Monday, April 20, 2009

Another Excellent Adventure

President Obama's visit with Latin American and Caribbean leaders this past week looks to have been quite successful, Republican sniping notwithstanding. By engaging those leaders instead of threatening them, Mr. Obama has signalled a significant change in US foreign policy, something for which the entire world should be grateful. I would have graded the trip an unqualified success if the President hadn't acknowledged the petty complaints of the GOP by toning down the implications of some of the openness he showed some of those Latin American leaders.

From the NY Times:

Mr. Obama, wrapping up a four-day swing through Latin America that included a summit meeting of Western Hemisphere leaders here, said he believed he had paved the way for “frank dialogue” with countries like Venezuela and Cuba, countries whose relations with the United States are, respectively, strained and practically nonexistent.

But, speaking at a news conference here, the president also sought to calibrate his message more finely, aware that his gestures to those nations may not sit well back at home. He said he has “great differences” with Mr. Chávez and insisted that freedom for the Cuban people would remain the guiding principle of his foreign policy.

President Obama does not have to justify each move he makes in foreign policy, especially if the moves are designed to at least open the door to more substantive discussions with countries we have ignored and insulted for the past eight years. And he does not have to take seriously the complaints of such Republican luminaries as Sen. Lindsay Graham (R-SC) whose foreign policy expertise is grounded in a heavily guarded trip to a Green Zone bazaar for the purchase of inexpensive rugs for his office.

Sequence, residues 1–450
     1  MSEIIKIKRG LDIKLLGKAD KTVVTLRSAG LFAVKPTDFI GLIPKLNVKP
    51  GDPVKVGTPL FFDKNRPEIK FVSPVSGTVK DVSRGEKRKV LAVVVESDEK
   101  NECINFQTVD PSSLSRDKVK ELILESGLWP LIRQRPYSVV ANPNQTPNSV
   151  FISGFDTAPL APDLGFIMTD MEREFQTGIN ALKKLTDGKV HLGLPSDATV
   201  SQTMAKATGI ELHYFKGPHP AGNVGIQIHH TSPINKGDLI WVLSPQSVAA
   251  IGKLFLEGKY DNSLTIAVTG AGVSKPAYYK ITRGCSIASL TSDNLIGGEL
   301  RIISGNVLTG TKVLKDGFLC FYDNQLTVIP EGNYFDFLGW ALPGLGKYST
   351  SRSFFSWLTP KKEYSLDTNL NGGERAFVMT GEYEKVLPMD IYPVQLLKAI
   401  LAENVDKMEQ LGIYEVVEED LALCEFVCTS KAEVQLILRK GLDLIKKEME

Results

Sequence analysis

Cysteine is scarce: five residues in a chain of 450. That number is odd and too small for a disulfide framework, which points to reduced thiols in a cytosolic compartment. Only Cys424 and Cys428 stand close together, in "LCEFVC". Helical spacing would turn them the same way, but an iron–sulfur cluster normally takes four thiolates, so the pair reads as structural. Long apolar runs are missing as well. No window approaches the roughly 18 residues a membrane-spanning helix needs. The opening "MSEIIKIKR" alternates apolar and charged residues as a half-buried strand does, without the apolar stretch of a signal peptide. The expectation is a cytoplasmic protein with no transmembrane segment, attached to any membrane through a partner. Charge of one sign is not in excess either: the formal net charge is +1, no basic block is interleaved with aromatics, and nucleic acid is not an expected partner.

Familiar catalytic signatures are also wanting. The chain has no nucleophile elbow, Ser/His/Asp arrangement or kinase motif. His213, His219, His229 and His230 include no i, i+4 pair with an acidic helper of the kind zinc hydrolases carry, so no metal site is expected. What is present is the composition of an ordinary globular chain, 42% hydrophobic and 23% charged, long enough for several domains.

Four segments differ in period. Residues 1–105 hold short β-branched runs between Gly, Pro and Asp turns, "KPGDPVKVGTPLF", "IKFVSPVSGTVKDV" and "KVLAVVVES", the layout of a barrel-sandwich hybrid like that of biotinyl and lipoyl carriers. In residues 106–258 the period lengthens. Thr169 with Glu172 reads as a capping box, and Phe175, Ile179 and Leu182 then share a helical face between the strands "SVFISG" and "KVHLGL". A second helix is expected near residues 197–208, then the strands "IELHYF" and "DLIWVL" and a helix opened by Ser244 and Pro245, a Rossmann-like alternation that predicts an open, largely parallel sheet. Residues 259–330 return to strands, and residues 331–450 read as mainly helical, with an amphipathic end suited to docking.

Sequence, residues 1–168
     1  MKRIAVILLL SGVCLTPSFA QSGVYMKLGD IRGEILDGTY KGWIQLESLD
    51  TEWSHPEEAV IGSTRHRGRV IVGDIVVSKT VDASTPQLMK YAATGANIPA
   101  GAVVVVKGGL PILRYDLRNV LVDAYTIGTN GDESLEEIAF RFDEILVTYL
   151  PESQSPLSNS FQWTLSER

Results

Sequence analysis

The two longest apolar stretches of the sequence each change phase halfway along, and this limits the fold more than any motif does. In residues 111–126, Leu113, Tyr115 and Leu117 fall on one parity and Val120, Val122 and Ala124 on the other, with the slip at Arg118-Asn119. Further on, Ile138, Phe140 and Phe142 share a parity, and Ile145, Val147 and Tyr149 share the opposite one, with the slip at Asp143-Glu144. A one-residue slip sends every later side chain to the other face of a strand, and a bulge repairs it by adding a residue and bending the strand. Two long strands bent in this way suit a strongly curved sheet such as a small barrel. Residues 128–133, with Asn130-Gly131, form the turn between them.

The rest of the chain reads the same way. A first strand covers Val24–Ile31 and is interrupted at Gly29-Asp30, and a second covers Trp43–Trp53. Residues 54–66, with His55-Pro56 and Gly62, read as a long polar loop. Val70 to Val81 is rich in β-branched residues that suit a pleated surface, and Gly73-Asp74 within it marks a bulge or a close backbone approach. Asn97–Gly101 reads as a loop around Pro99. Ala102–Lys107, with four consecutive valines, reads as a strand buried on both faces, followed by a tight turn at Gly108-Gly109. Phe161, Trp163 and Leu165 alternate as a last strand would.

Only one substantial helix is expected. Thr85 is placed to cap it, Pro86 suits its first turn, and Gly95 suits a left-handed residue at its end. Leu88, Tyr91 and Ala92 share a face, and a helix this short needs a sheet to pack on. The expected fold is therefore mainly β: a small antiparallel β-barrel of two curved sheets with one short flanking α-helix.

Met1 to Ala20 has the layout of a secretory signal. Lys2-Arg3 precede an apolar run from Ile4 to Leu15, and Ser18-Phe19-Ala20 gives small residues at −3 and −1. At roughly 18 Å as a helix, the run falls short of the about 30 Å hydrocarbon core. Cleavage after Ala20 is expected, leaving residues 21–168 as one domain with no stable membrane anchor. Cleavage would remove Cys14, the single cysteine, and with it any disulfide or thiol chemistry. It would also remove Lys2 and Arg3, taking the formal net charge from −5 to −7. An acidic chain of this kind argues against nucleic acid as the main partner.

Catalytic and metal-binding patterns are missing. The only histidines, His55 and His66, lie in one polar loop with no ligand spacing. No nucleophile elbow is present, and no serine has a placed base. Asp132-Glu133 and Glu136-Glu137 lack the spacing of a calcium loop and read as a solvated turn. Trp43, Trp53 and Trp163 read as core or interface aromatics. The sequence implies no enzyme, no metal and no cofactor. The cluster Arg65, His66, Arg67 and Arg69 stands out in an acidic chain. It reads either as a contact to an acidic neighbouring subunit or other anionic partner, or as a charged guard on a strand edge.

That aside, however, the president did make an important statement about what he learned during the trip:

Mr. Obama said he did learn some things during his time here. He said he was struck by the way other nations spoke of Cuba’s medical diplomacy; with 12 medical schools, the country turns out well-trained doctors that it sends throughout the region to provide health care in impoverished areas.

“It’s a reminder for us in the United States,” Mr. Obama said, “that if our only interaction with many of these countries is drug interdiction, if our only interaction is military, then we may not be developing the connections that can, over time, increase our influence.”

Exactly so, Mr. President, exactly so.

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Blogger Woody (Tokin Librul/Rogue Scholar/ Helluvafella!) said...

Legalize iT!

6:16 AM  
Anonymous larry, dfh said...

As we all know, the mob and the agency (sorry about the redundancy)don't want friendly relationships with Cuba and Venzuela, not until they get thir cut. We all must realize, as does Obama, that they very persuasive arguments.

8:48 PM  

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